by Nav Qateel
Angela Gray (Emma Watson) accuses her father of molestation, only the father can't remember committing the crimes he's accused of. Detective Bruce Kenner (Ethan Hawke), with the help of criminal psychologist Professor Kenneth Raines, starts to investigate Angela's claims, and in the process discovers that an organised satanic ritual may have been performed on the girl.
Regression is set in 1990, a time when Satanism was all the rage and Bealzibub groupies were being blamed for everything bad that happened. To help these so-called victims of satanism remember what had happened to them, they would be "regressed" by a trained professional -- the exact same technique that was used on alien abductees. But Regression would be later withdrawn as a way to treat people that had difficulty remembering traumatic events. As quoted in the film "Today regression therapies have been discredited for generating false memories."
Written and directed by Chilean helmer Alejandro Amenábar, a filmmaker that has impressed us with previous efforts like Thesis, The Others and The Sea Inside. With his latest film Regression, Amenábar examines the effects on a religious family when accusations of Satanic molestation are raised at the father, and to a lesser extent, how the community reacts. But the main focus is on the investigator Bruce Kenner, and the alleged victim Angela.
The craggy Ethan Hawke plays a skeptical detective who's in charge of the investigation. Hawke does a great job showing Kenner's ambivalence with his dynamic facial features, as he starts off as a firm non-believer. Then as sleep deprivation and hysteria take hold he begins to questions his sanity and starts to believe that just maybe there's something evil interfering with the case after all. Hawke has the chops, talent and charisma to elevate mediocre material such as this, and that's exactly what we get to watch here. A lesser actor in this role simply couldn't have pulled it off, and for that Amenábar has much to thank Ethan Hawke for.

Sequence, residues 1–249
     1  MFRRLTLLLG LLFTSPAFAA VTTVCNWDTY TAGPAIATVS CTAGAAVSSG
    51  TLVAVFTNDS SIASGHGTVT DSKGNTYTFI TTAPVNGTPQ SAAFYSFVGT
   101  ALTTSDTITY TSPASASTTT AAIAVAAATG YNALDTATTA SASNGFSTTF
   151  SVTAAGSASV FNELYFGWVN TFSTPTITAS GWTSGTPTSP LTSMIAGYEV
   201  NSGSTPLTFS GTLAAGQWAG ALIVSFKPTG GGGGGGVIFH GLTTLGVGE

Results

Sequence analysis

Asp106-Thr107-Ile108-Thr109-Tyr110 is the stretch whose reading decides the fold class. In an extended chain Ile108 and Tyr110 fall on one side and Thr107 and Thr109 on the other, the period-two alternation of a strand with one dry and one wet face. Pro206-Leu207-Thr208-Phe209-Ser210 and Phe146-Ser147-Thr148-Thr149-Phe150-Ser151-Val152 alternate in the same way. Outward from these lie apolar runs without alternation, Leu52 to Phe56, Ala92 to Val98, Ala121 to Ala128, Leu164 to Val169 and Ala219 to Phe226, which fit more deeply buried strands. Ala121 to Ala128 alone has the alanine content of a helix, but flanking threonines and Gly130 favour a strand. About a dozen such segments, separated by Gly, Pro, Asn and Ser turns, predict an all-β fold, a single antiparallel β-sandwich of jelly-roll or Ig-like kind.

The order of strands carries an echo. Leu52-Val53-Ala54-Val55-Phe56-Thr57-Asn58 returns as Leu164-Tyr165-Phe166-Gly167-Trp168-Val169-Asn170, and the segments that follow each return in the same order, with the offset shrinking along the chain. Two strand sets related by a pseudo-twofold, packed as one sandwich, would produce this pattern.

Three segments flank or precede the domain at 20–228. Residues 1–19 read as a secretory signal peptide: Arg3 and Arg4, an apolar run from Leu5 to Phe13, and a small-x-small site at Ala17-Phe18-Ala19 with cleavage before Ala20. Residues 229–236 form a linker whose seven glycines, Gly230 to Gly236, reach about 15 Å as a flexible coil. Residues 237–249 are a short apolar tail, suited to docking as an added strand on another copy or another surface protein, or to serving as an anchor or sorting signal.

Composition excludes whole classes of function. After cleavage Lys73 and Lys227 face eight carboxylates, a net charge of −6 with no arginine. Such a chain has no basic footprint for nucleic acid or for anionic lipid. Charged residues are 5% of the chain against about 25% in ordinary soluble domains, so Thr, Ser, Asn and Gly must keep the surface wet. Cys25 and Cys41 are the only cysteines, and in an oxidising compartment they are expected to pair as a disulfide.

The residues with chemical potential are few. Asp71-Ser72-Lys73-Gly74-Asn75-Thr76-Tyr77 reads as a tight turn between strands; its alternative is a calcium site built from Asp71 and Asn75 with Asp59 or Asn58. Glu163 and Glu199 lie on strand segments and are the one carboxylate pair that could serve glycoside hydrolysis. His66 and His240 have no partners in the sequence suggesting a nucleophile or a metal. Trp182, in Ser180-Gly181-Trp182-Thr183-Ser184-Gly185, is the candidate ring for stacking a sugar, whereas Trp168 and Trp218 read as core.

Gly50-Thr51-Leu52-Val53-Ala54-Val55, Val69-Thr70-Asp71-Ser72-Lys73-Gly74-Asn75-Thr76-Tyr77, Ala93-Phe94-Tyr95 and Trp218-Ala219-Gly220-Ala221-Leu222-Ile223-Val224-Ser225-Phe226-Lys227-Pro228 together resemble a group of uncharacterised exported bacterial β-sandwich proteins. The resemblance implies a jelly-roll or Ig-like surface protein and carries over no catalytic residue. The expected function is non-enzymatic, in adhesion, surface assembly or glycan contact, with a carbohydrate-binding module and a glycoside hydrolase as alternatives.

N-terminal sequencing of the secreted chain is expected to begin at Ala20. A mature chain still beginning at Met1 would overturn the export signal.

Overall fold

Co-star Emma Watson has less to do than Hawke, however the actress gets to show off enough of her talent to impress and keep fans happy. Watson will no doubt be the reason why many folk will want to see this film. She appears to be selective when choosing her roles, and I'm certain she has offers coming at her non stop, but the actress never fails to entertain the audience. Watson's Angela character has enough depth and emotion to keep her scenes interesting, and it shows a certain level of acting maturity that the young actress can hold her own when playing next to an experienced thespian like Ethan Hawke. The popular and talented David Thewlis completes the main characters, as he plays a professor who's advising our hero. The remaining cast is made up of more fantastic actors, who each bring their A game to the project. The acting is extremely good throughout the movie, from the bit players right on up.
Daniel Aranyó's photography was wonderful, with the entire film shot in a dull palate helping to set the mood and tone. Roque Baños's fantastic score also aided with the mood of the film. Taken as a whole, Alejandro Amenábar's latest effort is beautifully made, but at the same time it's lacking when it comes to simple entertainment value, which ultimately is what most people require when watching any movie. As far as the message Amenábar is trying to impart, at that Regression seems to succeed. It's far from the filmmaker's best, but it's still a very watchable movie.Share: